A condition, where the blood pressure falls so low that the blood supply to vital organs is threatened. Shock can be caused by severe injury with loss of blood, heart attack, severe allergic reaction and some infections.
Found on http://www.dwp.gov.uk/medical/med_conditions/glossary.html

Shock

Our Shock Main Article provides a comprehensive look at the who, what, when and how of Shock Shock: In medicine, shock is a critical condition brought on by a sudden drop in blood flow through the body. There is failure of the circulatory system to maintain adequate blood flow. This sharply curtails the delivery of oxygen and nutrients to vital org...
Found on http://www.medterms.com/script/main/art.asp?articlekey=5477

Shock

Shock noun [ Middle English schokke ; confer OD schocke , German schock a heap, quantity, threescore, Middle High German schoc , Swedish skok , and also German hocke a heap of hay, Lithuanian kugis .] 1. A pile or assemblage of sheaves of grai...
Found on http://www.encyclo.co.uk/webster/S/90

Shock

Shock transitive verb To collect, or make up, into a shock or shocks; to stook; as, to shock rye.
Found on http://www.encyclo.co.uk/webster/S/90

Shock

Shock intransitive verb To be occupied with making shocks. « Reap well, scatter not, gather clean that is shorn, Bind fast, shock apace.» Tusser.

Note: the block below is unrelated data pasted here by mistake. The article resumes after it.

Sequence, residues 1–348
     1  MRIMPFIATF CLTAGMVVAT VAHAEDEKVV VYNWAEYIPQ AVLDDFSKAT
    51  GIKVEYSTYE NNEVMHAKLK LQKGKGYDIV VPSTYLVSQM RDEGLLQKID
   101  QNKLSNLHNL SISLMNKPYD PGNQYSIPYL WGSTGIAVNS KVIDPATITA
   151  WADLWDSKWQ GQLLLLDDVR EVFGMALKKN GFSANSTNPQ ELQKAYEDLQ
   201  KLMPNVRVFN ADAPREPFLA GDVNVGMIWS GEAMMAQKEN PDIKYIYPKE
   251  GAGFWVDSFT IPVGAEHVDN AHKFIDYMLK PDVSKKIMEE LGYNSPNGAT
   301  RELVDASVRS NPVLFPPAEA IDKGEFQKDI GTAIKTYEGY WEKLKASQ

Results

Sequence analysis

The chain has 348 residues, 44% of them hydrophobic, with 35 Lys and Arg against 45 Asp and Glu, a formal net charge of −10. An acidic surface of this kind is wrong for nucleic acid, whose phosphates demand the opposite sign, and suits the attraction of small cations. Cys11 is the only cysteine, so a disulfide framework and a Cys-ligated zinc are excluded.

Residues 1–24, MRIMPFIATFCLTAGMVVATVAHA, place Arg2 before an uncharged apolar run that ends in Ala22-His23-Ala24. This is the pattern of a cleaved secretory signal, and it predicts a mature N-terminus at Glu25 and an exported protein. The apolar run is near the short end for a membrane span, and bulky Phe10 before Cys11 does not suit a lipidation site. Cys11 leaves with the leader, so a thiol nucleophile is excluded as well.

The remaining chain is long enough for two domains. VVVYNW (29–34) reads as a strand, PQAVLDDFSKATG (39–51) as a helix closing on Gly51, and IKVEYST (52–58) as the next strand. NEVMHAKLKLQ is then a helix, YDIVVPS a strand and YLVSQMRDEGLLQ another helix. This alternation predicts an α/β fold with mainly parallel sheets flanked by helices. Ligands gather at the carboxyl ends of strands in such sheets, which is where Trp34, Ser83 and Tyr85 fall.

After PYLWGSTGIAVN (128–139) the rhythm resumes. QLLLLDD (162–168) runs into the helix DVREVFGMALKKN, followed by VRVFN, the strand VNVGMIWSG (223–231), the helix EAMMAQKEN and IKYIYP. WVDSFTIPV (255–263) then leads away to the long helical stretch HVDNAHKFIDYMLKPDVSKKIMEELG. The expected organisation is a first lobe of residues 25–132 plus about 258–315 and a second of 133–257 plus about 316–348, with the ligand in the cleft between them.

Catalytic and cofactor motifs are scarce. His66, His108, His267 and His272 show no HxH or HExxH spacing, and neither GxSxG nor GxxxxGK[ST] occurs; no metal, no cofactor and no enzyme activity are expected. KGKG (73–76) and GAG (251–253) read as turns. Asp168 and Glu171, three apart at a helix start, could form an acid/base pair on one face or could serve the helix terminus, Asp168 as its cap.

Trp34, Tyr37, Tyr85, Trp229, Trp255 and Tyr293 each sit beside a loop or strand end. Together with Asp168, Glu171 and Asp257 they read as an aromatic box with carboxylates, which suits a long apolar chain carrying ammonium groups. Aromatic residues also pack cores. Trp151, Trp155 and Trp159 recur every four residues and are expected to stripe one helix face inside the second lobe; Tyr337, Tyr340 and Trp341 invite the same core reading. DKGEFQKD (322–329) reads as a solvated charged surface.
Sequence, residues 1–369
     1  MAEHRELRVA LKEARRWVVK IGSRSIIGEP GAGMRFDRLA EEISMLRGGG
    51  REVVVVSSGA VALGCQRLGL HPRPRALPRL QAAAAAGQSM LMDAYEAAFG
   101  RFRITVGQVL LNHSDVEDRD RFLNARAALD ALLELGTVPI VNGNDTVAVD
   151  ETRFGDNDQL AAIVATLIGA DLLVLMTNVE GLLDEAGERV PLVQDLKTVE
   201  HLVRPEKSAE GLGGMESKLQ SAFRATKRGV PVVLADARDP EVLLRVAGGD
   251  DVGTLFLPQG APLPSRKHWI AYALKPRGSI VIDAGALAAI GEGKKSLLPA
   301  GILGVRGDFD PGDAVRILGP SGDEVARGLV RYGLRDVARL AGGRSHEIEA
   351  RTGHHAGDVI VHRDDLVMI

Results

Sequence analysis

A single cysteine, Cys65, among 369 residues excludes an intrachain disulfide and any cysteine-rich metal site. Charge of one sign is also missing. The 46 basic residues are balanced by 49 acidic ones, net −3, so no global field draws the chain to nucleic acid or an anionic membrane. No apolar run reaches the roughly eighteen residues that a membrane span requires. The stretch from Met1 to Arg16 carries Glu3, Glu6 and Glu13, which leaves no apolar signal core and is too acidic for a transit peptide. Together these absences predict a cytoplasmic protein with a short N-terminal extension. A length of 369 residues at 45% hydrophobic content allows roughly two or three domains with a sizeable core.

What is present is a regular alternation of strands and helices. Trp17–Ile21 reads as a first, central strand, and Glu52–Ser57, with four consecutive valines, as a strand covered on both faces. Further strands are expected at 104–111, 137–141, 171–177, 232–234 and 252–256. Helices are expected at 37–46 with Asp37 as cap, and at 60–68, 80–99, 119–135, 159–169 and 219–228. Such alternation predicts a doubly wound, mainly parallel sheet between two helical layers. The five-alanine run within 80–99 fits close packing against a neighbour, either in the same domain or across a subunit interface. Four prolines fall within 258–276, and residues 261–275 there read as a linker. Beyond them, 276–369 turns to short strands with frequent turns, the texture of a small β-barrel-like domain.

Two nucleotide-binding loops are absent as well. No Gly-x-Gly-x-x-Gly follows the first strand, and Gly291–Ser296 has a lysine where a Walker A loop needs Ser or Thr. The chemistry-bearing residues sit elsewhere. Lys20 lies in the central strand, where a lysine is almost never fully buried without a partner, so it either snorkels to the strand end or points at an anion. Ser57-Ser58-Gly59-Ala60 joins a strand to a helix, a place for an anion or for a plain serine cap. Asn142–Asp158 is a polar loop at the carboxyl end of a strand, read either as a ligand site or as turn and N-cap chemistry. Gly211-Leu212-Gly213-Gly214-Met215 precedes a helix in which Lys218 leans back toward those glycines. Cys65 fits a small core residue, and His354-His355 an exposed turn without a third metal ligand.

Found on http://www.encyclo.co.uk/webster/S/90

Shock

Shock adjective Bushy; shaggy; as, a shock hair. « His red shock peruke . . . was laid aside.» Sir W. Scott.
Found on http://www.encyclo.co.uk/webster/S/90

shock

1. <psychiatry> A sudden disturbance of mental equilibrium. ... 2. <cardiology> A condition of profound haemodynamic and metabolic disturbance characterised by failure of the circulatory system to maintain adequate perfusion of vital organs, it may result from inadequate blood volume (hypovolaemic shock), inadequate cardiac function (ca...
Found on http://www.encyclo.co.uk/local/20973

shock

seismic disturbance noun an instance of agitation of the earth`s crust; `the first shock of the earthquake came shortly after noon while workers were at lunch`
Found on http://wordnetweb.princeton.edu/perl/webwn?s=shock

shock

floor verb surprise greatly; knock someone`s socks off; `I was floored when I heard that I was promoted`
Found on http://wordnetweb.princeton.edu/perl/webwn?s=shock

shock

(shok) a sudden disturbance of mental equilibrium. a condition of acute peripheral circulatory failure due to derangement of circulatory control or loss of circulating fluid. It is marked by hypotension and coldness of the skin, and often by tachycardia and anxiety. The five main types of shock are anaphyl...
Found on http://www.encyclo.co.uk/local/21001

Shock

• (v. t.) To subject to the action of an electrical discharge so as to cause a more or less violent depression or commotion of the nervous system. • (a.) Bushy; shaggy; as, a shock hair. • (v.) To strike with surprise, terror, horror, or disgust; to cause to recoil; as, his violence shocked his associates. • (n.) A dog with long...
Found on http://thinkexist.com/dictionary/meaning/shock/

shock

in physiology, failure of the circulatory system to supply sufficient blood to peripheral tissues to meet basic metabolic requirements for oxygen and ... [8 related articles]
Found on http://www.britannica.com/eb/a-z/s/85